Would it? The Lisa OS has a lot of complexity: overdesigned filesystem, multiple forms of IPC, hardware abstraction of various kinds, built-in DRM and password protection, and dynamically-loaded shared libraries, among other things, but few of those seem attributable to the type of MMU. Aside from the extra TST.W instruction you use occasionally to proactively provoke a page fault, why would the 010+the Motorola MMU be much more simple than the 000+the Lisa's own MMU?

It's virtually certain that the Motorola MMU has some capabilities that the Lisa's homebrew MMU lacks, but does the Lisa OS miss out for not being able to use those?
 

yuhong

Well-known member
Would it? The Lisa OS has a lot of complexity: overdesigned filesystem, multiple forms of IPC, hardware abstraction of various kinds, built-in DRM and password protection, and dynamically-loaded shared libraries, among other things, but few of those seem attributable to the type of MMU. Aside from the extra TST.W instruction you use occasionally to proactively provoke a page fault, why would the 010+the Motorola MMU be much more simple than the 000+the Lisa's own MMU?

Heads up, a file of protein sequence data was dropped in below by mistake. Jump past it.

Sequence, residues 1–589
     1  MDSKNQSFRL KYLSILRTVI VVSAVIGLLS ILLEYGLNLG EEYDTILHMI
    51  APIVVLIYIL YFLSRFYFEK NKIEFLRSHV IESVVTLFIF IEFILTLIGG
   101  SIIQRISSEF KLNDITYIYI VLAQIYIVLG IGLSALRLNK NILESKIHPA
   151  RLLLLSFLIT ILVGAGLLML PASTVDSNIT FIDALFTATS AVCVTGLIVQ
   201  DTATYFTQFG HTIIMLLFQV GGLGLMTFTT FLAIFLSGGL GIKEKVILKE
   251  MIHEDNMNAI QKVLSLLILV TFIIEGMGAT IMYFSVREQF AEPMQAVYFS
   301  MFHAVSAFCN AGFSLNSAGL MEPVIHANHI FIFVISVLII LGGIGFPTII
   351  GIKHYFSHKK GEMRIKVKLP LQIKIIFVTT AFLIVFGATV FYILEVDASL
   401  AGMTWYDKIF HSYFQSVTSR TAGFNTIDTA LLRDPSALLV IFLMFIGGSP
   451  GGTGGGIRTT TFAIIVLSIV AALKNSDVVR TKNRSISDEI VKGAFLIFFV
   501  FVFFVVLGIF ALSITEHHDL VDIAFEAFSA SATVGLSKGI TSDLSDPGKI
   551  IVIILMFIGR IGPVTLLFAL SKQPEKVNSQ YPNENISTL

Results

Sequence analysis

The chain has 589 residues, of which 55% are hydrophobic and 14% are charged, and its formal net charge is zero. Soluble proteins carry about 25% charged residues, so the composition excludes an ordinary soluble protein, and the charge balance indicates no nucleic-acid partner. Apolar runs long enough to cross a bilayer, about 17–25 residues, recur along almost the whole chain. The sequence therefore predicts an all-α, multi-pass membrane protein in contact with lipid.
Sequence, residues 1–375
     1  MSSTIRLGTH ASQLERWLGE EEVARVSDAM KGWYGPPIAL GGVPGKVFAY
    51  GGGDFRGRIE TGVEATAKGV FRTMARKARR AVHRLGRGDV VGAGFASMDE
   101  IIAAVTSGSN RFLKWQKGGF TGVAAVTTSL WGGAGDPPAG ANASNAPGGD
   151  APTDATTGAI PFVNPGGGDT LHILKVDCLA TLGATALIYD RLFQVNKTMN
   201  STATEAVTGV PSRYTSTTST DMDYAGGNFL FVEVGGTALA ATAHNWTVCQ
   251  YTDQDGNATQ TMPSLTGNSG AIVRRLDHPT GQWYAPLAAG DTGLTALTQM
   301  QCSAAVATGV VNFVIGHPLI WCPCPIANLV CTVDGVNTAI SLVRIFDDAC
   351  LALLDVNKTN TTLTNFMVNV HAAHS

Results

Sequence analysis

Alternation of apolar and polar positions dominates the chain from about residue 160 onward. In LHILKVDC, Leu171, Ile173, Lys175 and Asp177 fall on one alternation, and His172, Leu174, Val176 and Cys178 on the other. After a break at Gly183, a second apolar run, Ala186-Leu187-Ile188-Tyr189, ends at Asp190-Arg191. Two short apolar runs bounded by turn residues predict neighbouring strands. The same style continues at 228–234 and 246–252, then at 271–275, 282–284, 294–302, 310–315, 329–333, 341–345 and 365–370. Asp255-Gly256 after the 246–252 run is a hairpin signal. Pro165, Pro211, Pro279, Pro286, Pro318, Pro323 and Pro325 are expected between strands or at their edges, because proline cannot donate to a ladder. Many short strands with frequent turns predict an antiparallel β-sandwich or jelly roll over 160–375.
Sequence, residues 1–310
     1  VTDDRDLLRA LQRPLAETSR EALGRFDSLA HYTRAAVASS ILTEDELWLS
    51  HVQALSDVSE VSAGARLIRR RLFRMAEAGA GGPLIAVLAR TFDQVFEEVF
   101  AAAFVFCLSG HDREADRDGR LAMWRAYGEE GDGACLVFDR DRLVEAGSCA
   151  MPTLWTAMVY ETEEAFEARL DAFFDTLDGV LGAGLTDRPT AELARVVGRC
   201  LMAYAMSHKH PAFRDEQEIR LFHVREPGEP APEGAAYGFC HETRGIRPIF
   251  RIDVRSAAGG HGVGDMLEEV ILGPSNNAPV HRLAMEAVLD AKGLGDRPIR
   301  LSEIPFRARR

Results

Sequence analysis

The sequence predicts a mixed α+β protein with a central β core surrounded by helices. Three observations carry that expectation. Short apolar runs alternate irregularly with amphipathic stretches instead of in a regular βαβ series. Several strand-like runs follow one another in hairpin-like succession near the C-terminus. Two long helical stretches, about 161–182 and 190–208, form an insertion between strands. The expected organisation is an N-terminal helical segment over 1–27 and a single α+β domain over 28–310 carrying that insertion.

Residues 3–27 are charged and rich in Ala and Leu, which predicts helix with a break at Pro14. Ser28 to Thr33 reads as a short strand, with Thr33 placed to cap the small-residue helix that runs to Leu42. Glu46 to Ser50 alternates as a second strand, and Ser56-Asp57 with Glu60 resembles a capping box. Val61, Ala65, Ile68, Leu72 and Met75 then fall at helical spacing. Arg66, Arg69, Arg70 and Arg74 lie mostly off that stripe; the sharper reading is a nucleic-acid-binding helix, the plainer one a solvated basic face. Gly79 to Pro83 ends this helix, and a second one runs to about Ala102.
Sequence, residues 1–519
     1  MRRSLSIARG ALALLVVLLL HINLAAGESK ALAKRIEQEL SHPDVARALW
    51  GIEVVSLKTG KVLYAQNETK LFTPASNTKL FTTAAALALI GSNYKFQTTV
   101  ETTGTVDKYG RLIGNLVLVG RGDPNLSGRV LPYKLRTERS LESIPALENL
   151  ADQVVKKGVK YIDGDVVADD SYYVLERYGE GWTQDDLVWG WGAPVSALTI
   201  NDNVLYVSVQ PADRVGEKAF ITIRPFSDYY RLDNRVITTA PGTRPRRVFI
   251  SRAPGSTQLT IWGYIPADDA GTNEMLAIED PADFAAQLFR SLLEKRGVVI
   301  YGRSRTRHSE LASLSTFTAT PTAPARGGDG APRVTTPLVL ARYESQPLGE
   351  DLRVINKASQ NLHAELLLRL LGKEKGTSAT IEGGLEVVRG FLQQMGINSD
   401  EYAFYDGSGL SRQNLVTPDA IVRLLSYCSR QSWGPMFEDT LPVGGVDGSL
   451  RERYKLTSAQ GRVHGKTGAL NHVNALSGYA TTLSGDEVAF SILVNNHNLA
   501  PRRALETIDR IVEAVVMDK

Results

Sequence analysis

It's virtually certain that the Motorola MMU has some capabilities that the Lisa's homebrew MMU lacks, but does the Lisa OS miss out for not being able to use those?
The 68010 did not include an MMU and I am not talking about changing the MMU. I am talking about the new support for handling bus errors for example where you can just RTE.
 
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yuhong

Well-known member
That being said I do wonder how the MC68451 compared to Lisa's segmented MMU. But AFAIK the 68451 dates before the 68010, right?
 

stepleton

Well-known member
That being said I do wonder how the MC68451 compared to Lisa's segmented MMU. But AFAIK the 68451 dates before the 68010, right?